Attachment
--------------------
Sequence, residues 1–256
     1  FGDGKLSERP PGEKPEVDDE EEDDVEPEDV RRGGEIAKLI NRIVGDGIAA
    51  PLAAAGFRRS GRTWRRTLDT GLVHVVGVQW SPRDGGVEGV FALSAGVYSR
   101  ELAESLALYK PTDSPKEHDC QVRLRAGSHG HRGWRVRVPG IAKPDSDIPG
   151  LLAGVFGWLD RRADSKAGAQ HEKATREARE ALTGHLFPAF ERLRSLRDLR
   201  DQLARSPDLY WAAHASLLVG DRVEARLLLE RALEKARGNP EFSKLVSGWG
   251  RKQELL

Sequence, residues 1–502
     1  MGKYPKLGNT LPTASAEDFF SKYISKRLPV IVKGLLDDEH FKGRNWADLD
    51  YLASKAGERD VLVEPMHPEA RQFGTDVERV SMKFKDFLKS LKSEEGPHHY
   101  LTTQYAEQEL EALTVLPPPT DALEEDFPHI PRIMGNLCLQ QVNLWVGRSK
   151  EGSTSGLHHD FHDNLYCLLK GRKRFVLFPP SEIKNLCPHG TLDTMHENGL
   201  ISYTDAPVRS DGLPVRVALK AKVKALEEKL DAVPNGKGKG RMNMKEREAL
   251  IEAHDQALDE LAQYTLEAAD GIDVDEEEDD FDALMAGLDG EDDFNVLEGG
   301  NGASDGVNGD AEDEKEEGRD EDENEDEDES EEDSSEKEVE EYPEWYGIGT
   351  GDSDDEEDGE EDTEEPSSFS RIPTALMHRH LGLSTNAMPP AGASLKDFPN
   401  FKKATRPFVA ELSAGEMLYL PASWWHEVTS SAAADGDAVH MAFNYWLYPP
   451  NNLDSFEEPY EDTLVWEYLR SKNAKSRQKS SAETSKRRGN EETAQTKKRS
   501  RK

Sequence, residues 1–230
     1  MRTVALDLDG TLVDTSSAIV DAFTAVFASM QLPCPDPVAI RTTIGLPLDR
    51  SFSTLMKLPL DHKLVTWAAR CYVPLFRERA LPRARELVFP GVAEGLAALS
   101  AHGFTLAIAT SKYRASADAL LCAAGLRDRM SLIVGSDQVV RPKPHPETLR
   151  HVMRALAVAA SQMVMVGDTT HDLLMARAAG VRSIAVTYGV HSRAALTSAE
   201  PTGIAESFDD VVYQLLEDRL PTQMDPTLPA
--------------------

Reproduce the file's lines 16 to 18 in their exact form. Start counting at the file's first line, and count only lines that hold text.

   351  GDSDDEEDGE EDTEEPSSFS RIPTALMHRH LGLSTNAMPP AGASLKDFPN
   401  FKKATRPFVA ELSAGEMLYL PASWWHEVTS SAAADGDAVH MAFNYWLYPP
   451  NNLDSFEEPY EDTLVWEYLR SKNAKSRQKS SAETSKRRGN EETAQTKKRS